For those of us living here in late 2016 during the campaign for a new school outside of the tsunami inundation zone, no voice in the debate was more strongly felt than those of the students.

A $128 million bond in 2013 had failed at the polls decisively.

Three years later, with a reduced price tag, added state funds; and Weyerhaeuser’s donation of a campus site in the Southeast Hills, the outcome looked favorable — but voters still had to contend with a bond measure seeking almost $100 million.

In 2016, the bond passed decisively, thanks in no small measure to the efforts Seaside High School students themselves.

The ASB student council is a group of 11 representatives that focuses on improving campus life and helping students have a positive effect outside their school.

Leadership introduced the “Don’t Catch This Wave” campaign to raise awareness about the threat of a tsunami and its potential to devastate three of the school district’s buildings, Broadway Middle School, Seaside High School and Gearhart Elementary School. (Cannon Beach Elementary School closed in 2013 after similar concerns.)

Student outreach extended from City Hall to Salem and beyond.

The bond passed convincingly and work is well underway. Completion and opening of the new schools are expected in September 2020.

New generation

While those original ASB members have since graduated and will never attend the new school, today a new generation of students remain focused on tsunami safety and awareness.

On June 15, members of the Seaside High School Associated Student Body presented Community Development Assistant and Emergency Preparedness Coordinator Anne McBride and Mayor Jay Barber with a gift of $5,000 to be used toward the wayfinding project coordinated through the planning and public works departments.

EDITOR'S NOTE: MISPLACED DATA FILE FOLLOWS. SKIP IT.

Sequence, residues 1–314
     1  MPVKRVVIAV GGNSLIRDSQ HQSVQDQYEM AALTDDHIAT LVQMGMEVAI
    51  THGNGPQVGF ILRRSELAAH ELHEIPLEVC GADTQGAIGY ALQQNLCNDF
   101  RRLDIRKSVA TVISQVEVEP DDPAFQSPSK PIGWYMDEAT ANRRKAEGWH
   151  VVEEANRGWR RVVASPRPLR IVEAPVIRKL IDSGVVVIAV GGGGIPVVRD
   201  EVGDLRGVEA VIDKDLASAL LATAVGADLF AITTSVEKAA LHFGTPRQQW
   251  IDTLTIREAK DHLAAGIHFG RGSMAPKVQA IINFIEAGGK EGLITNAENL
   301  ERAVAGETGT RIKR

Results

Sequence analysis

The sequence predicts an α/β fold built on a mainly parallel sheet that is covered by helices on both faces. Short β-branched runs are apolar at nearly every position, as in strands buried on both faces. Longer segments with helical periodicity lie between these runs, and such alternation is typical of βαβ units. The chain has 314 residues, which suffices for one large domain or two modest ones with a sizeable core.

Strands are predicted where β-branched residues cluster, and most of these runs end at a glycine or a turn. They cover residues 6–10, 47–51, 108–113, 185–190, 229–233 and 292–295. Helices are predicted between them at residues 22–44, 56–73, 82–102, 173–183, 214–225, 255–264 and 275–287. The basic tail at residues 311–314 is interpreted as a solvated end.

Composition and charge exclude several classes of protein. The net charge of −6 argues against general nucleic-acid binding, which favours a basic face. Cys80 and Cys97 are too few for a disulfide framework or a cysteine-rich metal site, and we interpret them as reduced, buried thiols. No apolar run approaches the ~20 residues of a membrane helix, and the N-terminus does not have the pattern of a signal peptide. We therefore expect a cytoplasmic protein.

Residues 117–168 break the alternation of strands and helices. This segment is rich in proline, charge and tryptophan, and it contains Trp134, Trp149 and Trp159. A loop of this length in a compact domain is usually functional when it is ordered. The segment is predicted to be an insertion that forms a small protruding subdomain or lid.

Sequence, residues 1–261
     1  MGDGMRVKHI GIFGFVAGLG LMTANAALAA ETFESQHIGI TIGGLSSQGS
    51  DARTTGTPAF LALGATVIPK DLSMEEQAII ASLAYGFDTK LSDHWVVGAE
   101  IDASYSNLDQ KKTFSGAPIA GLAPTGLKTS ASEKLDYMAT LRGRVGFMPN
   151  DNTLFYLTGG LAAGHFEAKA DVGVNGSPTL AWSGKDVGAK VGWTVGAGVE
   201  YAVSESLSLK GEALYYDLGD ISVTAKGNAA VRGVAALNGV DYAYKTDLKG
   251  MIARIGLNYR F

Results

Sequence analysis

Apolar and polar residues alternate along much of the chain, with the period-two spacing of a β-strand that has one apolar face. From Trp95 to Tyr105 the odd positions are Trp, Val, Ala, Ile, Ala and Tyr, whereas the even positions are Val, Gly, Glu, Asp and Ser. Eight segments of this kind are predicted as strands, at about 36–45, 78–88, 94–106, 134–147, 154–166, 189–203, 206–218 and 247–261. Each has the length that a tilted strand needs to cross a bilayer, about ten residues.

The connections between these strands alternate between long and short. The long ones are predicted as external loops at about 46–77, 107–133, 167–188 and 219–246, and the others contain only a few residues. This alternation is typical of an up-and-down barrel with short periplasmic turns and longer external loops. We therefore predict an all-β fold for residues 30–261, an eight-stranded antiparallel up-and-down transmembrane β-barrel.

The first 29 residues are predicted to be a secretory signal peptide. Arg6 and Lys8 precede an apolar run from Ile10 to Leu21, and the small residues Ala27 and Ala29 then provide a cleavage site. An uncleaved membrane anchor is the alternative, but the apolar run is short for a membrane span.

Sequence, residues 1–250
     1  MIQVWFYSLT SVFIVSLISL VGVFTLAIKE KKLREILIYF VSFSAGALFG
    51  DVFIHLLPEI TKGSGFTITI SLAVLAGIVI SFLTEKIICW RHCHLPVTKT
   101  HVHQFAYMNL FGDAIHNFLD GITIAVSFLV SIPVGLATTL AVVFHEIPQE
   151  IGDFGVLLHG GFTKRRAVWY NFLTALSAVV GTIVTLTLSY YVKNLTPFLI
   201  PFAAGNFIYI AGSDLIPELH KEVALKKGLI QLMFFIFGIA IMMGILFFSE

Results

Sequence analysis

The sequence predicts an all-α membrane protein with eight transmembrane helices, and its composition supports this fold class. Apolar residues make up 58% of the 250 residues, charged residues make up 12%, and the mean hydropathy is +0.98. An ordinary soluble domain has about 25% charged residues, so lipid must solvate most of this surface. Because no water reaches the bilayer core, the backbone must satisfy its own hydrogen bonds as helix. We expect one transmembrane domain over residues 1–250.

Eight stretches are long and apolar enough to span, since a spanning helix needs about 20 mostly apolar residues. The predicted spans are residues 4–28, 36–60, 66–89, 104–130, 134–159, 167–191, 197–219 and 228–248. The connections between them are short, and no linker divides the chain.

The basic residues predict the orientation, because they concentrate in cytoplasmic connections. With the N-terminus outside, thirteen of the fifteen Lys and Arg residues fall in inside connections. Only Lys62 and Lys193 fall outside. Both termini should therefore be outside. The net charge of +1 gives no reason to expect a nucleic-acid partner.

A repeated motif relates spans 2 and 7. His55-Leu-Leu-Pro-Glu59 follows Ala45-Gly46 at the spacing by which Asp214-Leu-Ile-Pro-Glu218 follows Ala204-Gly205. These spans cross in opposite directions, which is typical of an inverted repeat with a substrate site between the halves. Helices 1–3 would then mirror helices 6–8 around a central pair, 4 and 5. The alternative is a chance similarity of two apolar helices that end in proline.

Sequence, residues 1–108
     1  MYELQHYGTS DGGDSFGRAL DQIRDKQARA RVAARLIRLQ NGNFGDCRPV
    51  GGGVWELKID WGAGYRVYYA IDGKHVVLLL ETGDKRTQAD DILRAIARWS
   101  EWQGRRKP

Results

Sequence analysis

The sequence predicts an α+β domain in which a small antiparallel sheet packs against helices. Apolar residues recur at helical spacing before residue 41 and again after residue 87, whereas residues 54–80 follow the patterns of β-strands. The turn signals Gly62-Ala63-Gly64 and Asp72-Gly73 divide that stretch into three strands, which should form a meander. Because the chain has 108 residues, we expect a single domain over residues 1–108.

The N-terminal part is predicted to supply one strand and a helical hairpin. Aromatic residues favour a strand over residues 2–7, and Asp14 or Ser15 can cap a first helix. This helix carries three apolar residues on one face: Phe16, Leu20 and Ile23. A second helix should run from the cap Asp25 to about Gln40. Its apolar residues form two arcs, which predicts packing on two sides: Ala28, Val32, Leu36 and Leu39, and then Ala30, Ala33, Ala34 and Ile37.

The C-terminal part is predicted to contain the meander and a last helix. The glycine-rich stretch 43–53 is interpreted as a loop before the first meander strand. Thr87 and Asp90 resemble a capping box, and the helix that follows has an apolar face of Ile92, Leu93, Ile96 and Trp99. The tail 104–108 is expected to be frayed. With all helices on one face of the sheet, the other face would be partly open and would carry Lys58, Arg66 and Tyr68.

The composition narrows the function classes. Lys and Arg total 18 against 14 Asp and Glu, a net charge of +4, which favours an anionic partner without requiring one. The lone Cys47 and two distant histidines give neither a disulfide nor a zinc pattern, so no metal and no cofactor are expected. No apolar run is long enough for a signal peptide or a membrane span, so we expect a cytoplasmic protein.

The blue ground markers could guide the way for on-foot evacuation to the designated tsunami evacuation routes and ultimately to safe assembly areas outside of the inundation zone.

The goal is to raise daily awareness by providing wayfinding cues to allow people to plan their own evacuation route with or without the aid of a map and get to safety as efficiently as possible — reinforcing “muscle memory” for escape routes prior to an actual event.

Total cost of the project is about $19,000, with between $12,000 and $13,000 coming from the state through Oregon Emergency Management and the Oregon Department of Geology and Mineral Industries.

A matter of curriculum

Tsunami safety classes began for these students in sixth grade and continues through high school.

Students watched videos of the tsunami in Japan while they were still in middle school.

Students recognize that preparedness — and resiliency in the aftermath of a quake — begins locally.

“I think we all know on the Coast we’re not a priority. We’re a tiny coastal community,” said Westin Carter, whose older brother Colton was a founding member of “Don’t Catch This Wave” campaign. “We’ve got to at least protect our children while they’re in school.”

“As you go to high school, you become more and more aware,” Hillman said. “The main thing we learned was how to deal with any sort of emergency, including tsunamis, earthquakes, tornados — overall, be aware of disasters.”

Students would like more attention — and dollars — put to Seaside’s endangered bridges, unlikely to remain standing in a Cascadia Subduction Zone event.

“It’s scary to think that my mom is at home alone, if there aren’t bridges to connect her, what’s going to happen?” Carter said.

ASB students at the City Hall check donation ceremony — Carter, Hillman, Briana Boyd, Josh Brown and Andrea Castro — gave special thanks to their advisors, Anne Lynes and Jim Poetsch.

“You really helped us,” Boyd said.

The students are already looking ahead to next year with outreach to other communities along the coast. “We’re not planning to take our foot off the gas,” Carter said. “We’re going to finish this. We’re going to get there. We’re going to start looking at other ways to do it.”

“To me, that is remarkable,” Barber said to students. “You’re the people who raised the issue. You demonstrated what had to happen and that helped voters to step up. A $100 million bond issue in a small community is unheard of, and it passed with a strong majority. And you’re responsible for that. You helped people’s eyes to be opened.”

With about $2,000 in funds from the “Don’t Catch This Wave” remaining, campaigns will be more informational, Carter said. “It’s allocated to tsunami funds. It’s not going to a garage sale.”

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